The Link Between Obesity and Cancer

You’d have to be living under a rock to not know that obesity is associated with an increased risk of developing heart disease, but what about cancer? Does obesity increase your risk of cancer too? And if so, which cancers and why?

42% of all breast and colon cancers diagnosed are among obese people

Obesity and Breast cancer

Prior to menopause, obesity does not appear to raise the risk of developing breast cancer, but after menopause, the story changes. Remember too, that statistically, more women are diagnosed with breast cancer after menopause and/or later in life. Women who are obese are one and a half more times likely to develop breast cancer after menopause than women who are of healthy weights.

The primary reason is likely the difference in estrogen levels. Estrogen naturally drops in women after menopause. Breast cancer is often estrogen-responsive, in other words, excessive estrogen levels can fuel the breast cancer cells and advance them more quickly. Women who are obese carry extra estrogen in their fat cells. After menopause, the levels of estrogen drop so these fat cells release the estrogen in response to the drop. This could be why obese women may develop breast cancer after menopause more than their slimmer counterparts.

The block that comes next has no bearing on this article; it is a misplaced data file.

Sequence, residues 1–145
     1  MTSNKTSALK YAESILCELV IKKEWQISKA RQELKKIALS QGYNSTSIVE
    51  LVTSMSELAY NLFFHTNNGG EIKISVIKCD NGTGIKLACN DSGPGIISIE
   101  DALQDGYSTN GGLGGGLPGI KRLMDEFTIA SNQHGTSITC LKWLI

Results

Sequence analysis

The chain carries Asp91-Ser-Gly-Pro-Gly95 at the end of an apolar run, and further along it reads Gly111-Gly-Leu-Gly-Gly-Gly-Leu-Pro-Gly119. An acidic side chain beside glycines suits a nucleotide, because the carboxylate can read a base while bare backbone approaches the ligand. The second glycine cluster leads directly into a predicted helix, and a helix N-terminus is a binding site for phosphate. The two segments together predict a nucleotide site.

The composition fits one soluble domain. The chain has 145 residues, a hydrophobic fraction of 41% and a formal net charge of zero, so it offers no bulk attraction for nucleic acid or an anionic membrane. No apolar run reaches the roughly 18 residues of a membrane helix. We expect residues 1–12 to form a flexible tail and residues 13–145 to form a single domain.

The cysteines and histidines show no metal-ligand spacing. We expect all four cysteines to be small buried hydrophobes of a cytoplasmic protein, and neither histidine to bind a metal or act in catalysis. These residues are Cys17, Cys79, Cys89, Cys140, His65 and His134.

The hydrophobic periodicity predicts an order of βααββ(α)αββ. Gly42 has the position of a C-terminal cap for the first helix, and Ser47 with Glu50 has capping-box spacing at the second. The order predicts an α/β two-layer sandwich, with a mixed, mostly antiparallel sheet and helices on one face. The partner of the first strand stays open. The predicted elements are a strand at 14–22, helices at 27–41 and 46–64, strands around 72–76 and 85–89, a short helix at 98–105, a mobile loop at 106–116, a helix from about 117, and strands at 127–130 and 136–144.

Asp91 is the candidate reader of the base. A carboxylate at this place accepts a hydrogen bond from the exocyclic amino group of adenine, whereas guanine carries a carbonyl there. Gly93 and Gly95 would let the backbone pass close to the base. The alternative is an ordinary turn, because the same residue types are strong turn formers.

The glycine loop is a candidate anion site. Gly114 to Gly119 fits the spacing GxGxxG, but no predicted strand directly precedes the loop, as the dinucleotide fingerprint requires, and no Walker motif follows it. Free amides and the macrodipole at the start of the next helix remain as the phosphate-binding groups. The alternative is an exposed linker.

Possibly more frightening is that obese women are more likely to die from breast cancer than slimmer women who also have breast cancer. One reason could be that the tumors are detected at later stages. It’s more difficult to detect tumors at early stages in obese women. Another reason could be the overall unhealthy state of an obese woman’s body compared to a woman who has maintained a healthier weight throughout life.

Cancer and the means to fight cancer are very hard on the human body. A person who is obese may be in a very unhealthy state when diagnosed with cancer. Over the years, diet and lifestyle choices may have lead to not only the weight gain, but a number of underlying health conditions such as cardiovascular disease and type 2 diabetes. Lack of proper nutrition such as eating nutrient dense foods may have taken its toll on the body making it more difficult for a person who is obese to survive yet another disease such as breast cancer.